15. 15. The Seductress Strengths  Communication, Persuasion  Goes after what they want  Empathy  Networking – knows the right people Jessica Rabbit Weaknesses  Self interest – may not be a team player  Superficial – not genuinely interested  Aggressive – “Barracuda” “Cougar” www.moviecritic.com.au/images/realistic-jessicarabbit
  16. 16. I drink your milkshake Jessica Rabbit Jennifer Aniston image: http://www.lakefronthartwell.com/bm~pix/milkshake~s600x600.jpg
  17. 17. Women aren’t milkshakes …. more like a McFlurry
  18. 18. Archetypes = Me
  19. 19. Capitalise on these Archetypes • So how do we ‘capitalise’ on these strengths of these archetypes? • Need to read the situation – people and context – and knowing what ‘style’ to apply. • We all have these archetypes inside us • Need to know how much and in what volume to apply them in our working lives • Contextual • Situational • Contingency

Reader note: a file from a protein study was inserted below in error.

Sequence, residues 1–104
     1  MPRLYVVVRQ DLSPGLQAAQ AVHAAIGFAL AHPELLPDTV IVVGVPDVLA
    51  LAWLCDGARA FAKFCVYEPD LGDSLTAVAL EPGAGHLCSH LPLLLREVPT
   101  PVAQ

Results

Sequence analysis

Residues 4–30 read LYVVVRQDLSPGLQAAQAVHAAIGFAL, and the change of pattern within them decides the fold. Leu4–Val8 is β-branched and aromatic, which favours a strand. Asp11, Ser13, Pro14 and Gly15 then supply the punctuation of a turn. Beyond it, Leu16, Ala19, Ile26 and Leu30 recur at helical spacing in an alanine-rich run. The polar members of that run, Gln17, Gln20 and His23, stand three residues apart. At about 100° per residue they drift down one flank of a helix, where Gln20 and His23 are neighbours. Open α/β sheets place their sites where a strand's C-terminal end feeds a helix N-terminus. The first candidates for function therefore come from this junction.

20. 20. Our Tag Cloud Persuasion Optimistic Get the job done Intuitive Persistent Problem Solving Networking Understanding Users Communication Creativity Empathy Listening Interaction Collaboration Decision making Organiser Interpersonal skills Ability to organise Influencer Supporter Build rapport
  21. 21. Play to your Archetype strengths • Each individual brings unique strengths to a role • Become more comfortable with who you, know your talents and strengths • Be confident in abilities • Need to understand your natural tendencies and make them work in your favour
  22. 22. My experiences as a McFlurry At times I have played many roles…..sometimes all at once • Free Spirit – challenged the current way • Wiaf – “I’m blonde, can you help me?” • Crusader – There to get the job done • Librarian – Share knowledge • Nurturer – Supportive and counsel • Boss – Set the direction • Spunky kid – Team player, showed persistence • Seductress – push-up bra was my friend